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Elasmosaur cervical vertebrae are common fossils, but their taxonomic utility is limited due to a lack of understanding concerning their shape within and among taxa. In this paper, we analyze data from complete elasmosaur necks in an attempt to quantify and understand the variation in centrum dimensions. In accord with previous studies, variation in cervical centrum shape is found to stem from at least three sources: ontogeny, intracolumn variation, and intercolumn or taxonomic variation. Ontogenetic variability seems reminiscent of that seen in Cryptoclidus, with an overall positive allometry in the length of all centra that is accentuated in the mid-cervical region. In adult elasmosaurs, the longest centra occur in the middle of the neck, and centra in this region are longer than those at either end. This pattern yields a distinctively bowed shape curve when a shape metric such as VLI or PC2 score is graphed against vertebral position. Centrum length shows minor variation from centrum to centrum in all elasmosaurs, but a small group of extreme, 'elongate' animals have a much higher degree of variability. Animals in this group show significant changes in centrum dimensions late in ontogeny. The taxonomic utility of centrum measures is limited because there is no single pattern of centrum shape common to all taxa; variability is the rule, and therefore caution is necessary when using dimensions to diagnose taxa. There do seem to be two morphotypes of elasmosaurs, however. The first is a relatively conservative group with centrum dimensions similar to those of Brancasaurus, and that achieves a long neck by adding vertebrae. A second, elongate group has centra that are very long, and there is great variability from one centrum to another in the same column. Surprisingly, the number of cervical centra is not a highly variable trait in most elasmosaurs. The elongate taxa appear to be restricted to the Western Interior Seaway in the Late Cretaceous, although there is some indication that Tuarangisaurus might be elongate as well. In general, elasmosaur vertebrae have some taxonomic utility, but only at the extremes of their shape range, if the specimens are adults, and only if their position in the column is known with some certainty.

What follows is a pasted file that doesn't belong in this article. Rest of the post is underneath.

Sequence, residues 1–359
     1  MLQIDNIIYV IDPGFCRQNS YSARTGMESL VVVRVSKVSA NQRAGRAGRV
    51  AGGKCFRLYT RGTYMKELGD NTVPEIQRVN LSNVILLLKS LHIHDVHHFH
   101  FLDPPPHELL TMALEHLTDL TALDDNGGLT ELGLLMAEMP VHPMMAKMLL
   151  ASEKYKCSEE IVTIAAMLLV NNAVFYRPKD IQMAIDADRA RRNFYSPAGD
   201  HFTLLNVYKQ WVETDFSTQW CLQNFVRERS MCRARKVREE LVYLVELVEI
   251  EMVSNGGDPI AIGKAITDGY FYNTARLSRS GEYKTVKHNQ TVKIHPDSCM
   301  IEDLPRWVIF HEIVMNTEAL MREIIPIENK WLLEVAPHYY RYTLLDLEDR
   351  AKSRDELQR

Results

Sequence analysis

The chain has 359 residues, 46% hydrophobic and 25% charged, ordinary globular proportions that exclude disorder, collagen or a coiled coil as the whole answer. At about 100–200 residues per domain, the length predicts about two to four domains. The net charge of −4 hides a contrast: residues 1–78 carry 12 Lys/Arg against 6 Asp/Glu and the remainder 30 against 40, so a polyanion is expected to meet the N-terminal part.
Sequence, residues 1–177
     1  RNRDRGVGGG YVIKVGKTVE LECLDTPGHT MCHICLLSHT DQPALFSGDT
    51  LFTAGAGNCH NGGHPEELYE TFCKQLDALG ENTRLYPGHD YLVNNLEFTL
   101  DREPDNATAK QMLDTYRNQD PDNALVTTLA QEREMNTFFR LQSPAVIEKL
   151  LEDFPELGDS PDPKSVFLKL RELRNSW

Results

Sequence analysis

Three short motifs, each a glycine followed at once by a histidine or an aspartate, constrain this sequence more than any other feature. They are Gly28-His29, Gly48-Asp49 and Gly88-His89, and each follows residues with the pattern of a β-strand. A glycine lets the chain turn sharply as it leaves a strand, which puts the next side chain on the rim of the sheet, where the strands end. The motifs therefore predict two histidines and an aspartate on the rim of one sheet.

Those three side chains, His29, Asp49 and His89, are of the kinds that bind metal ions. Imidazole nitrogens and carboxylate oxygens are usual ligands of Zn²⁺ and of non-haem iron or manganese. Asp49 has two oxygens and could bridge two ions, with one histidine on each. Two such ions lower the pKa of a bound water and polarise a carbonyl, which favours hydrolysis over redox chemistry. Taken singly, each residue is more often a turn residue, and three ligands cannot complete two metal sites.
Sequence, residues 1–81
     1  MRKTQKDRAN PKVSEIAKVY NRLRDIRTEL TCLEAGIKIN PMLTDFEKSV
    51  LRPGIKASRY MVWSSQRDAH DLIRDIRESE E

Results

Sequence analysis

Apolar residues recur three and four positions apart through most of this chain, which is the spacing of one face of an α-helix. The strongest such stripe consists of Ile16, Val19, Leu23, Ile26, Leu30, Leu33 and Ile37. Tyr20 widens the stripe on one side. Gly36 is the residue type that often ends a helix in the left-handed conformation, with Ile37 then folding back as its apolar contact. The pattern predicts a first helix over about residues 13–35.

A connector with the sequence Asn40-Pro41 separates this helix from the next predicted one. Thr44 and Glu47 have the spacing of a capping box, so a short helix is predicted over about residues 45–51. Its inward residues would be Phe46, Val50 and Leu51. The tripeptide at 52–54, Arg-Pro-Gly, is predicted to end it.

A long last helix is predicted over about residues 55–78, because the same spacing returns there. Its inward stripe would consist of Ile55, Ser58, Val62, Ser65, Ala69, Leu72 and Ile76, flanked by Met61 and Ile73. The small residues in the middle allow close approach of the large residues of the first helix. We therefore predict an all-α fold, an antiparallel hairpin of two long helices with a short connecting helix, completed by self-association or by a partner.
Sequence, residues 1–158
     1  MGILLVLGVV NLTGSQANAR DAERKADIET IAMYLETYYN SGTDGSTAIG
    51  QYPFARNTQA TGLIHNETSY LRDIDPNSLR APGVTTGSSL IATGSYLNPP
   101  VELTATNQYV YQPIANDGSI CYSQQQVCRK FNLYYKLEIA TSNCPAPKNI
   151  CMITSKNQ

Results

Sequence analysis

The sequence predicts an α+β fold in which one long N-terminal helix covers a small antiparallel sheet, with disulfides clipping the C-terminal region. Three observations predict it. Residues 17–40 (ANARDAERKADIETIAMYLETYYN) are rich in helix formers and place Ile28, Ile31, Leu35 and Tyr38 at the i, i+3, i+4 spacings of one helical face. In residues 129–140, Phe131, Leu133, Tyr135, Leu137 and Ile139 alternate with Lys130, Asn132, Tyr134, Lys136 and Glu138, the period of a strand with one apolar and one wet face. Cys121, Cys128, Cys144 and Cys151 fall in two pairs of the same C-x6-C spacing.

This article first appeared in the June 2006 issue of Paludicola, the member magazine of the Rochester Institute of Vertebrate Paleontology, and is reprinted with permission.

©2006 by the Rochester Institute of Vertebrate Paleontology